They did not look at Chilliwack real estate but using the same parameters, my best guess is this:

• Chilliwack - $71,000

4. The Canadian dollar is strengthening against the U.S. dollar this will affect exports and jobs. On the bright side, more and more of our production is heading to China.



One of the more interesting parts of the CMHC presentation was the work that they are doing with sustainable housing as presented by Lance Jakubec CMHC researcher. Certainly this work is important but it will need to be tried, tested and then incorporated into the building code to have any lasting significance.

More about CMHC and its many fine services can be found at CMHC.

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Stephen Mullock is a Chilliwack real estate associate broker with 29 years of experience. He can be reached at Royal LePage Wheeler Cheam Realty, telephone 604-792-0077.



Copyright November 12, 2009 by Stephen Mullock.

Thursday, November 5, 2009

Assessments how reliable are they?




It isn’t uncommon to be asked when showing buyers real estate in the Chilliwack area “What is the property’s assessed value”. Buyers view assessments as a useful tool but should it be relied upon?

I usually answer this sort of Buyer inquiry that the assessment are made as of July 1st and as a result may be higher or lower depending on a number of factors including: the market strength in Chilliwack, the time since the assessor last looked at the property and the individual characteristics of the real estate.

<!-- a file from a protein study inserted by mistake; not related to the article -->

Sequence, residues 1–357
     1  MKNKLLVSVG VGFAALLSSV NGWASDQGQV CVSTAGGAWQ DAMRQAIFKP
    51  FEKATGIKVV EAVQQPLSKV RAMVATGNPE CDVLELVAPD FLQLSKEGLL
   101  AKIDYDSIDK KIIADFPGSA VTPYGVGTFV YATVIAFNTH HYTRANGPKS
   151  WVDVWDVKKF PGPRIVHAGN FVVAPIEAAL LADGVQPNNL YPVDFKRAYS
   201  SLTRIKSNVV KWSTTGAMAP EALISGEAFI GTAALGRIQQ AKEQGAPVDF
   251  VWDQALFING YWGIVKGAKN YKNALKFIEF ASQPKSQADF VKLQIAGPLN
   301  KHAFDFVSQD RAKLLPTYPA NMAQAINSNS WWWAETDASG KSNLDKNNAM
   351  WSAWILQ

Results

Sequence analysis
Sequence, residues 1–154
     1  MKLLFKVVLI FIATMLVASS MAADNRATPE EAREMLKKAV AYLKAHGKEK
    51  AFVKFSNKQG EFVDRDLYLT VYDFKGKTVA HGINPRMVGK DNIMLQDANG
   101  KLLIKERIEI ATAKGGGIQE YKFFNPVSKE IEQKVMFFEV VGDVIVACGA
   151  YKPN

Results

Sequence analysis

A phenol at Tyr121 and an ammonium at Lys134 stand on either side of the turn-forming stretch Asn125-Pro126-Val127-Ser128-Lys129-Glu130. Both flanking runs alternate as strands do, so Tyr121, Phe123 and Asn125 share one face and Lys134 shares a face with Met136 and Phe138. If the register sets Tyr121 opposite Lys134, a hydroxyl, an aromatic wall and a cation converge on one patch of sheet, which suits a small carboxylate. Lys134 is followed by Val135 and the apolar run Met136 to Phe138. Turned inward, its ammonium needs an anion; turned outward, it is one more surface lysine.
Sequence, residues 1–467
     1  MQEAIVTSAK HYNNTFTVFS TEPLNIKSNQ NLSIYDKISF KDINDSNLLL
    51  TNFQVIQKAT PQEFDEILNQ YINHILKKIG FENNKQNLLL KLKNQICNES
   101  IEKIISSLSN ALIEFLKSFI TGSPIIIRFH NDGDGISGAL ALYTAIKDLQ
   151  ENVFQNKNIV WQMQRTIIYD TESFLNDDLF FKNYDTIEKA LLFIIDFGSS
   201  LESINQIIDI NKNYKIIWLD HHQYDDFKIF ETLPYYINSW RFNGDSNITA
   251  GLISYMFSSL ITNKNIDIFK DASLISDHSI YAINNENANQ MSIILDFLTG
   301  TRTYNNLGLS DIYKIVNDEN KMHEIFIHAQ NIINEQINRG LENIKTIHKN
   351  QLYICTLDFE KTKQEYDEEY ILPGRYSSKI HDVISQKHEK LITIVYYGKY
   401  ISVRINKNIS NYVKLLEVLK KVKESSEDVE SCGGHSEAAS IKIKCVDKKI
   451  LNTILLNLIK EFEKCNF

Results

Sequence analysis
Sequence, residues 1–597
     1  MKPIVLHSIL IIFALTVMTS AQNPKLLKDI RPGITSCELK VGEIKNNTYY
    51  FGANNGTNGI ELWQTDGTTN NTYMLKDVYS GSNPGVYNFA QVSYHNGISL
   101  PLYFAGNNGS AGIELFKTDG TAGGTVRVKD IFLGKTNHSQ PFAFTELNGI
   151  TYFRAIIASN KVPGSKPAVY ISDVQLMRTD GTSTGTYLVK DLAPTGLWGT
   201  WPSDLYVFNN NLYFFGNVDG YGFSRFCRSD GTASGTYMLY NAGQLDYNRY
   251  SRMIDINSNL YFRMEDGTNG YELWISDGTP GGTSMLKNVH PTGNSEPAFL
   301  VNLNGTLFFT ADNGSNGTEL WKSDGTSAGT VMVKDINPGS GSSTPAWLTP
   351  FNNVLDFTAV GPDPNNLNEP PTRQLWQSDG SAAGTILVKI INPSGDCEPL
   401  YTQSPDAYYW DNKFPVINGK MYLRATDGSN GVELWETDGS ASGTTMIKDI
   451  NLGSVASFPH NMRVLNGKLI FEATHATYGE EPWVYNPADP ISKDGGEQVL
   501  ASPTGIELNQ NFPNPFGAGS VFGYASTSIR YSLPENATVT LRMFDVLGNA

This month, I decided to have a look even though many Chilliwack real estate properties have not been assessed since 2008 or 2007. This research looks at the October 2009 Multiple Listing Sales (MLS) of single family detached homes in the City of Chilliwack and compares them to their corresponding assessment value.

My thought was that if the assessments were within 5 % of the Chilliwack market that would be a pretty rule of thumb guide – the results were surprising.

Real estate in Chilliwack, and in the rest of the province of British Columbia for that matter, is valued by the BC Assessment which is a provincial Crown corporation governed by a Board of Directors. The job is a massive one given the number of property titles in the province. Personally, I hold the assessment authority in high regard having come to know many assessment people through the Real Estate Institute of British Columbia which confers a professional designation on those dedicated enough to fulfill a demanding UBC education and gaining the necessary experience required.